> > I guess the big one that I'm curious about is: will an xfsdump of a live
> > XFS filesystem produce reliable dumps every time? Or should one
> > definitely be using tar for backups - in which case I guess the problem
> > mentioned here about a week ago(?) that there's currently no easy way to
> > back up just the extended information remains.
> I haven't read the thread in the kernel mailing list, so please
> excuse me if I'm missing the point.
The thread on the linux-kernel list (started by Alexander Viro) described
how doing a "dd if=/dev/hdaX of=/dev/null" (i.e. reading directly from
the block device) on a mounted ext2 filesystem could destroy the filesystem
due to a race condition.
Alexander said initially:
: getblk gives us unlocked, non-uptodate bh
: wait_on_buffer() does nothing
: read from device locks it and starts IO
: we zero it out.
: on-disk data overwrites our zeroes.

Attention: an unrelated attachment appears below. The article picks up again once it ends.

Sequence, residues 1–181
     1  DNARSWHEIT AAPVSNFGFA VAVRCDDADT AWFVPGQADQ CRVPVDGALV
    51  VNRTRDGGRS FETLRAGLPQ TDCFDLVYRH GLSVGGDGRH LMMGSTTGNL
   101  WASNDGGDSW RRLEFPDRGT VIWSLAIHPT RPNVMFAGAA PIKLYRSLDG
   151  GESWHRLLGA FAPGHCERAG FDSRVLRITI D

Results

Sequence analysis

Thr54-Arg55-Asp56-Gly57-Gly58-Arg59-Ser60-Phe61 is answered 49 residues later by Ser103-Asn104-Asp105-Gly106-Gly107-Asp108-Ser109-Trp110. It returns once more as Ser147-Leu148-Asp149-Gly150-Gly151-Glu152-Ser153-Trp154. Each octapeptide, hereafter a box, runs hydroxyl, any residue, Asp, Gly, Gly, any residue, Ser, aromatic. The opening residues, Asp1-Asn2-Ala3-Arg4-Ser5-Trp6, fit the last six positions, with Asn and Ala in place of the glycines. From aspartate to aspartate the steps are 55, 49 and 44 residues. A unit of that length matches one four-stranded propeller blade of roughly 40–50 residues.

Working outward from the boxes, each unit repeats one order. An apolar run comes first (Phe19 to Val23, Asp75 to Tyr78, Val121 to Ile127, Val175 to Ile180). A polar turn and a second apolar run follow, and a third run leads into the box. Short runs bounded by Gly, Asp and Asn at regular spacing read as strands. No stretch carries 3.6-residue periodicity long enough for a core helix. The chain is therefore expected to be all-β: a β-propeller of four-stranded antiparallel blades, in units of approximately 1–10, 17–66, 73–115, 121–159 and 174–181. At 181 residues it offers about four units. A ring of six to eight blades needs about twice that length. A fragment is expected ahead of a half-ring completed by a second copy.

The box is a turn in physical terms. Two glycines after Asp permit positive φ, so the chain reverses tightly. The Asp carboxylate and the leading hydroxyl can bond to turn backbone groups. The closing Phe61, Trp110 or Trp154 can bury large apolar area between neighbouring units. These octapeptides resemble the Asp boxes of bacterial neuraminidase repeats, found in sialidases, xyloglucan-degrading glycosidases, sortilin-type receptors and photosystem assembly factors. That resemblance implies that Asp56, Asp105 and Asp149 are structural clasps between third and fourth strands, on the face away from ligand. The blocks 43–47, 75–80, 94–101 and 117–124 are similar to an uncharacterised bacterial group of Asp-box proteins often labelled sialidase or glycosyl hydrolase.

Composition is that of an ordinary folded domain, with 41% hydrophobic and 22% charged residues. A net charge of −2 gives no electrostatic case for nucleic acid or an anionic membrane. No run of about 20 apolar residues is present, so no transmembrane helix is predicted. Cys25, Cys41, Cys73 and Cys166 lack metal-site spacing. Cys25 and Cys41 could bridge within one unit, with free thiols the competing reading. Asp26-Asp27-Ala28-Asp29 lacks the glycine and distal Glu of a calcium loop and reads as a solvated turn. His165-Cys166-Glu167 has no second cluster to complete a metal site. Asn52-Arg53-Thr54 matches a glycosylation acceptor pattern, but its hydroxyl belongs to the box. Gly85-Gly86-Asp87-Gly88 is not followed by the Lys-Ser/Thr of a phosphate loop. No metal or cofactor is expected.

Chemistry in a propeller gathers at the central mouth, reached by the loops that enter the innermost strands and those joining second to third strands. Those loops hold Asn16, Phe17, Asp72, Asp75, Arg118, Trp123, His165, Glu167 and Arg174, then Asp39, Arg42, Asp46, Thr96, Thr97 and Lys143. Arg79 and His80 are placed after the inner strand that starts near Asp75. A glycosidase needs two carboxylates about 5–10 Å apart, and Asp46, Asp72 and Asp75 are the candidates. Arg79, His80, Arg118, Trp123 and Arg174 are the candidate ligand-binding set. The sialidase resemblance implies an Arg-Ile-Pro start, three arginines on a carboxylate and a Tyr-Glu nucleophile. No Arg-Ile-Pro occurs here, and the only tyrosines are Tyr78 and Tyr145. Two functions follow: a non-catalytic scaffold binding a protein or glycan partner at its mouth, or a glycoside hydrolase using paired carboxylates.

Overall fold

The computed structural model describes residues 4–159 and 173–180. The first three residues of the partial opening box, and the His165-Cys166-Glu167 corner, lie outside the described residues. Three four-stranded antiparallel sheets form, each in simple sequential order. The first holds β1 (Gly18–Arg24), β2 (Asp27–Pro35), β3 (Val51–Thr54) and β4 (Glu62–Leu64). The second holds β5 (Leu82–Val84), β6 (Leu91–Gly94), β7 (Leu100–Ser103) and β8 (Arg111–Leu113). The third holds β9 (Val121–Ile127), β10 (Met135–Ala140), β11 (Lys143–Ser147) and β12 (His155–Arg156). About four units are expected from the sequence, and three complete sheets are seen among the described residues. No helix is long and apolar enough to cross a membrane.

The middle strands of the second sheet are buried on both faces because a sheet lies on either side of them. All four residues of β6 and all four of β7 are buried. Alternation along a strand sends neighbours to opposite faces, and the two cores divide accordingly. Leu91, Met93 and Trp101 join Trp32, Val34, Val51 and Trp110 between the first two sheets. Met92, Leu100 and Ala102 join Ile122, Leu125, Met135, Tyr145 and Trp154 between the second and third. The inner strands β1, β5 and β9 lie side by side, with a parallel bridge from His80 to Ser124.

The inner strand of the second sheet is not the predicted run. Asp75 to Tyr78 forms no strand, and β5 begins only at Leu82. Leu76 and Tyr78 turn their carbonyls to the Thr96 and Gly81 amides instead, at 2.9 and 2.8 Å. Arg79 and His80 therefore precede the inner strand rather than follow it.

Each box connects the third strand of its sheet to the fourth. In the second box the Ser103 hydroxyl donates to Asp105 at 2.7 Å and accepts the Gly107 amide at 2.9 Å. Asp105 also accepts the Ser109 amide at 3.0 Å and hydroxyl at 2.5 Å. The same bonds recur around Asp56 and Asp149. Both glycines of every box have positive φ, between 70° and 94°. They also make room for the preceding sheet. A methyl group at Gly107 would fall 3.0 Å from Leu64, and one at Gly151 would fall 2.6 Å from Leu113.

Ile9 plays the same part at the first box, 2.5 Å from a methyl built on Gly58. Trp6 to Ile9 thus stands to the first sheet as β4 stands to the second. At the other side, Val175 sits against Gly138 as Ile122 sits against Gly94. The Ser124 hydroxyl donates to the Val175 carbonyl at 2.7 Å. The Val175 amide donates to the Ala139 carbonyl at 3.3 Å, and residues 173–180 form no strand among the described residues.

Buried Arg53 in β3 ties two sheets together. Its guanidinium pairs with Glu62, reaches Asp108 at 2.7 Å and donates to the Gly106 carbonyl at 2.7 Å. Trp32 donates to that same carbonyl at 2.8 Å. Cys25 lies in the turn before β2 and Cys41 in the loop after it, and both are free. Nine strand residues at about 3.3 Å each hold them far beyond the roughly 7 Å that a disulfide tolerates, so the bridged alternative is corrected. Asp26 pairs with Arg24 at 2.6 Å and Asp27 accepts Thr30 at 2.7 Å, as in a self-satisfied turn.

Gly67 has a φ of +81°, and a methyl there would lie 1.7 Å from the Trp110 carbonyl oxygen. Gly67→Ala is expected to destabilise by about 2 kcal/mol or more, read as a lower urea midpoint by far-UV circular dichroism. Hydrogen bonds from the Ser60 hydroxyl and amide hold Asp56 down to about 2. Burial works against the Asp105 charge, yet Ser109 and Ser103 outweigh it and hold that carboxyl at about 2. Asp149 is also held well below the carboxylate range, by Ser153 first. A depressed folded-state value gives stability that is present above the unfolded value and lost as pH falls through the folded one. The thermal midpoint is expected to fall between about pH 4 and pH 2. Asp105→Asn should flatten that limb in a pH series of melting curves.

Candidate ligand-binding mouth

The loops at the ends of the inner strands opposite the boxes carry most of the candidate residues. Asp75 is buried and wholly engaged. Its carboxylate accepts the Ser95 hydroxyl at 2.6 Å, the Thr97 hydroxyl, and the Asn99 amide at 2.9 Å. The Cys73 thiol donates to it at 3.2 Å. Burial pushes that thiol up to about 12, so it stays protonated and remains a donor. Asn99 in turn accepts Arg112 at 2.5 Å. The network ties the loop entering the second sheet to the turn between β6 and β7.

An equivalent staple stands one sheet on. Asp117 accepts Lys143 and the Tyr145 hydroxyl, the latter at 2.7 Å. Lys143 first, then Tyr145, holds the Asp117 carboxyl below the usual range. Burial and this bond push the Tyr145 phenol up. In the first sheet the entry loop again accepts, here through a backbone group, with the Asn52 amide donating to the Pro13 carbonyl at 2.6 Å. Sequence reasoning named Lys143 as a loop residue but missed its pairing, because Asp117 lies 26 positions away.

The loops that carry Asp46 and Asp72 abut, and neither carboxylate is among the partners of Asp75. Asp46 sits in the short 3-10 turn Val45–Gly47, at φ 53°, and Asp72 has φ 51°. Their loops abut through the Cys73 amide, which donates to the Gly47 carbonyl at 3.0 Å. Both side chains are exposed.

: we mark it dirty
: bdflush writes the old data (_not_ zeroes) back to disk.
: block_read() vs. block_write() has the same race. I'm going
: through the list of all wait_on_buffer() users right now.
At least reiserfs came out as being affected too in the following
There's one mention of wait_on_buffer in fs/pagebuf/page_buf_io.c. No
block_read/block_writes that I can see from a quick grep of the source,
but perhaps XFS has its own block interface with the same problem - and
as there was no mention so far here, I thought I'd bring it up.
> Xfsdump will read from the filesystem like tar (but more efficiently) and
> does not need to read directly from the device, so it should be as
> reliable as tar.
Excellent. All the more reason for us to try to move everything here to
As I'm sure many appreciate, backing up huge amounts of other people's data,
and then having to worry that the backup itself could be corrupting their
isn't what I want to be doing... now to go reconfigure our backup systems
run tar - which I guess is a good thing anyway, as I can restore tar onto a
XFS disk later :).